It’s essential to explore your options early and understand the regulations of your destination country. For the most up-to-date and comprehensive information on the specific rules for British nationals moving or retiring abroad, we suggest visiting the UK government’s official page on state pensions

Helping Children Adapt

Moving abroad with children presents an additional set of factors to consider, with education often being a major priority. As with many other aspects of moving overseas, it’s best to start researching your options and exploring different schools early on. 

International schools, where English is often the spoken language, may offer a smoother transition and a more familiar curriculum than local schools. However, you may face some tough competition in securing a place for your child, and the fees can quickly add up. With this in mind, it’s best to make a decision quickly and include the school’s fees in your budget. 

While local schools may also be a good option for your children, it may be expected that they’re fluent in the local language. Plus, the curriculum could be different from what they’re used to. This may seem like a small thing, but it could make the move harder for your child. 

You may also consider homeschooling your kids, something that provides flexibility and consistency amidst the change. However, this choice comes with its own set of challenges and requirements that should be researched thoroughly to ensure it’s a viable option for your family’s needs and circumstances.

You also need to remember that moving abroad is your decision, not theirs, so it’s important to try and involve them in the process as much as possible and discuss openly what they’re excited and nervous about. 

Pro Tip: You can help your children prepare for the move by exploring the culture and language of your new country together. 

Checking Your Life Insurance

Before you pack your bags, it’s important to make sure that your life insurance will follow you overseas, as many policies only offer limited coverage depending on where you’re based. This means your cover might pause the moment you step off British soil. 

Your first step should be to speak to your insurance provider to discuss the specifics of your relocation and whether your policy needs updating or if you need a new international policy. This is a crucial step for maintaining the financial security of your loved ones, no matter what. 

Checking Your Driving Licence

Navigating the roads in a new country isn’t just about getting used to driving on the other side of the road (as very few countries drive on the left!). In fact, the first thing you should do is understand the local driving license regulations — unfortunately, your UK licence might not be enough for a long-term stay.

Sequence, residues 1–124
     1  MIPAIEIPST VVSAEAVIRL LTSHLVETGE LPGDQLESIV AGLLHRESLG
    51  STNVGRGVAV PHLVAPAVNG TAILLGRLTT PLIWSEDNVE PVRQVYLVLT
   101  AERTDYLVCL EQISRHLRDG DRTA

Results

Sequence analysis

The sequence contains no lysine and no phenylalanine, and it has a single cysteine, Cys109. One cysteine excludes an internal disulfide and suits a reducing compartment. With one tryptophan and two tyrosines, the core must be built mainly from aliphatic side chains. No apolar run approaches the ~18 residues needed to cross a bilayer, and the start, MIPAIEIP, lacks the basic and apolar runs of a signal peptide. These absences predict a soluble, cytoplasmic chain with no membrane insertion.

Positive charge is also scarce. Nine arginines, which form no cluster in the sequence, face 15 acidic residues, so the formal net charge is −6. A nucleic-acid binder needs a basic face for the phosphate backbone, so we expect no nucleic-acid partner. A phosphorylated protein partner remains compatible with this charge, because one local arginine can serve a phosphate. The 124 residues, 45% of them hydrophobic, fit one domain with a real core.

First off, find out whether you’ll need an international driving permit or a local driving licence, and how to get one. Starting this process sooner rather than later will help you avoid obstacles later down the road. 

Integrating with the Community 

While a lot of the steps we’ve covered in this guide are things you need to do before you move, here’s one you can focus on a bit more once you’ve started to settle: integration. 

Of course, it’s worth starting to learn the language and the culture before you start packing, but generally speaking, this is something you don’t have to really focus on until you’re in your new home. Engaging with local communities, learning the language and embracing cultural practices will make it a lot easier to settle in to your new home. 

However, as well as the cultural and language difference that comes with adjusting to your new environment, you’ll also need to stay up to date with any new laws and regulations that may affect your residency, employment and social life. 

This proactive approach not only helps in navigating the practical aspects of living in a new country but also enriches your experience of life as an expat! 

Ship, Sell or Store? 

Finally, deciding whether to ship, store or sell your belongings is a major part of planning an international move. Whatever decision you make comes with its own pros and cons, and the best solution for you will depend on your needs and long-term plans. 

With that in mind, here are some things to consider: 

  • Shipping: Ideal if you’re moving permanently and your items hold significant sentimental or monetary value. Assess how much it will cost to ship your possessions against replacing them in your new country.
  • Selling: You might also have several items that you no longer use, but still hold some monetary value. Whether it’s clothes, gadgets or furniture, even small sales will add up to help boost your moving budget — while also reducing your shipping or storing costs!
  • Storing: Personal self storage is perfect for the things you want to keep but don’t immediately need. This is a flexible solution for those who might one day return to the UK or haven’t decided on the permanency of their move.

For those leaning towards self storage, Pay Less for Storage provides secure, accessible and affordable shipping containers to keep your belongings safe and secure until you need them again. 

Matt Wallace

Matt Wallace

Matt is a Director of Pay Less for Storage. He blogs tips for storage customers and helps them navigate self storage.